I’m going to a potluck dinner party that’s fire themed-- grill or torch cooking required. There’s already lots of meat and dessert options, so I’d like to do a vegetarian dish, vegan if possible.
My initial thoughts are a grilled vegetable salad or something with grilled cabbage. But it would be a lot cooler if could come up with a recipe that would benefit from a torch at the end more so than the heat of a grill. Any ideas? A quick maillard reaction with a Searzall torch does wonders for a piece of sous vide meat, but other than melting sugar or cheese, I can’t think of a place for it with vegetables, grains, or starches that wouldn’t be better with a cast-iron skillet.
I love doing a whole roasted cauliflower - not only is it really delicious but it’s also a rather dramatic table presentation. I follow the cooking method from this ny times recipe, depends on the size of the cauli and your oven how long it takes. Once it’s tender all the way through you could certainly torch the outside to get nice browned crispy bits. I like to do a chimmichuri sauce with instead of what’s in this recipe because the bright green is also rather dramatic and the contast of the fresh herbs with the roasted veg is great. I just dribble the sauce over the whole head just before serving. Vegan with the chimmichuri
Or the broccoli roast from SK is fantastic, and you could also certainly torch it at the end. If you multiply the recipe you don’t need to multiply the rub since one recipe worth makes enough for two or three batches of broccoli. Omit the cheese garnish and it’s vegan
This creative take on the spanish calcots with romesco uses leeks that are steamed and then grilled (which i think is a much better substitute than scallions) and served with the romesco
Blackened variety peppers stuffed with something good. I blacken peppers with a torch and scrape the blackened skin off but a little stays behind since I’m not usually meticulous about removing all traces of charred skin. Would fit your not meat not dessert requirement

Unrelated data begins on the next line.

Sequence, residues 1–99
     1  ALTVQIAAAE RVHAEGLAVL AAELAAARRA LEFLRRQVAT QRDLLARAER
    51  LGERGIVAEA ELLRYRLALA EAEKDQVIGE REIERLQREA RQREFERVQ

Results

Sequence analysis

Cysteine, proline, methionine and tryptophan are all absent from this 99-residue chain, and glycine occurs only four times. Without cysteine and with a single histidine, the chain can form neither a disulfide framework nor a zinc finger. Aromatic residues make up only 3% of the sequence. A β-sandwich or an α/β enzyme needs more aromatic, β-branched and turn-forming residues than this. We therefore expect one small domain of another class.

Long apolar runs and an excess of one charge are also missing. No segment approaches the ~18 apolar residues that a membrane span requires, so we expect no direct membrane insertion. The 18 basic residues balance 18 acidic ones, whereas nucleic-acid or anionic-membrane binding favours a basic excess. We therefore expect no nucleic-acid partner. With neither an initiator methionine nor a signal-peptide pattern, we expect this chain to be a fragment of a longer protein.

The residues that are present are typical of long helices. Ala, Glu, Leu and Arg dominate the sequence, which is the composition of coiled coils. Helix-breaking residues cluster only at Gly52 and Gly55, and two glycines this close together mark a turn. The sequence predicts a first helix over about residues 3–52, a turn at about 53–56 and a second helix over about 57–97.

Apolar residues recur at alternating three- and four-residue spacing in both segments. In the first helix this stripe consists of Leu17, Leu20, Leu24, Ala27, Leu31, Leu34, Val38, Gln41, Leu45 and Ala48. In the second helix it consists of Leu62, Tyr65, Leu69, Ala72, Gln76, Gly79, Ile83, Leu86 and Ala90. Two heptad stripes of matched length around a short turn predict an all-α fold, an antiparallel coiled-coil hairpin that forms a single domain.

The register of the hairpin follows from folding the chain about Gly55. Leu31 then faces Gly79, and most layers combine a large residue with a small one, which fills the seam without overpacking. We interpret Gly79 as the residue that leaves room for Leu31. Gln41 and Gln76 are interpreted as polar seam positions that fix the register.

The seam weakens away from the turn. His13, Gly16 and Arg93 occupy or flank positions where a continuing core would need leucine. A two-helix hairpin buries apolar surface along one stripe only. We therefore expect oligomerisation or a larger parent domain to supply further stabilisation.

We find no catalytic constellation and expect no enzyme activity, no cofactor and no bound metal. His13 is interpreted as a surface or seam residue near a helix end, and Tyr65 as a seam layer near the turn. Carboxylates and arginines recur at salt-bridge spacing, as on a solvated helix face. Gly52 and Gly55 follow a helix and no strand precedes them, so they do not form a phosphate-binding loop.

The roasted cauli is basically flop in the oven and forget it. The recipe says base a few times and i just do that once at 30min. I poke it around an hour to see how done it is (i stab it with a long knife) and then either pull it or give it another 10min or whatever. To overcook it too soft would take some effort, it’s rather forgiving and in the oven cooks kind of slowly.
I love cauliflower steaks but have had hit or miss success since sometimes they’re delicate to flip or i just get three good slices and a lot of extra crumblies per head. If you have had success with them i think that’s also a great option, that recipe looks delicious!
I was going to suggest the same - either Cauliflower or Broccoli. Both taste great with singed edges. The cauliflower recipe is good and you could add some whole roasted almonds or hazelnuts for crunch and some freshly picked mint leaves for colour. The broccoli also works very well with an anchovy butter.
I have found the tricky think is to get it to cook through with charring it too much rather than it going soft.
Thinking vegan, I might go for a grilled romaine vegan Caesar salad. I really like charred romaine–just half and place on grill until charred on both sides. I’ve made and liked the vegan dressing at this site before. As Caesar salad goes, you could also do the croutons on the grill–either in a pan (with olive oil and pressed garlic and salt), or grill bread slices brushed with olive oil, and rub with garlic cloves as you would for bruschetta (in reality, the bests veg on the grill are roasted peppers and tomatoes, but we’re in opposite season now).
Charred cabbage also sounds good, but romaine is easier.
It seems that sck has found asparagus in our markets recently, which also tops the list of vegetables that are better grilled. It seems early to me, but if you got 'em, grill 'em.
Also, for vegetarian, but not vegan I was a huge fan of fig leaf wrapped cheese (use any melting cheese, oil and salt fig leaves) when there was a tree in the back yard. Maybe add some honey or fig preserves (or ham!) to the cheese.